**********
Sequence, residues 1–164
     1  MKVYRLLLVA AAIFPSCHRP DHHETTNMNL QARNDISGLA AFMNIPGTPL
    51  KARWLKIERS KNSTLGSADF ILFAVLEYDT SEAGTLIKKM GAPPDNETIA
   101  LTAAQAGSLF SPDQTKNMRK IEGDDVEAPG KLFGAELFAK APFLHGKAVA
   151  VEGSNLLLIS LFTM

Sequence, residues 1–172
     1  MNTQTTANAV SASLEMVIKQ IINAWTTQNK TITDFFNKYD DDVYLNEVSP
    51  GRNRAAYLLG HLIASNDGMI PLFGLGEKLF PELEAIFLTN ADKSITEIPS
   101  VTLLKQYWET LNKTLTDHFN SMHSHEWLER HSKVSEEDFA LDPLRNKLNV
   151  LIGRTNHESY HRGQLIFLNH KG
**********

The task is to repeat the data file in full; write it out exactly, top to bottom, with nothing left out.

Sequence, residues 1–164
     1  MKVYRLLLVA AAIFPSCHRP DHHETTNMNL QARNDISGLA AFMNIPGTPL
    51  KARWLKIERS KNSTLGSADF ILFAVLEYDT SEAGTLIKKM GAPPDNETIA
   101  LTAAQAGSLF SPDQTKNMRK IEGDDVEAPG KLFGAELFAK APFLHGKAVA
   151  VEGSNLLLIS LFTM

Sequence, residues 1–172
     1  MNTQTTANAV SASLEMVIKQ IINAWTTQNK TITDFFNKYD DDVYLNEVSP
    51  GRNRAAYLLG HLIASNDGMI PLFGLGEKLF PELEAIFLTN ADKSITEIPS
   101  VTLLKQYWET LNKTLTDHFN SMHSHEWLER HSKVSEEDFA LDPLRNKLNV
   151  LIGRTNHESY HRGQLIFLNH KG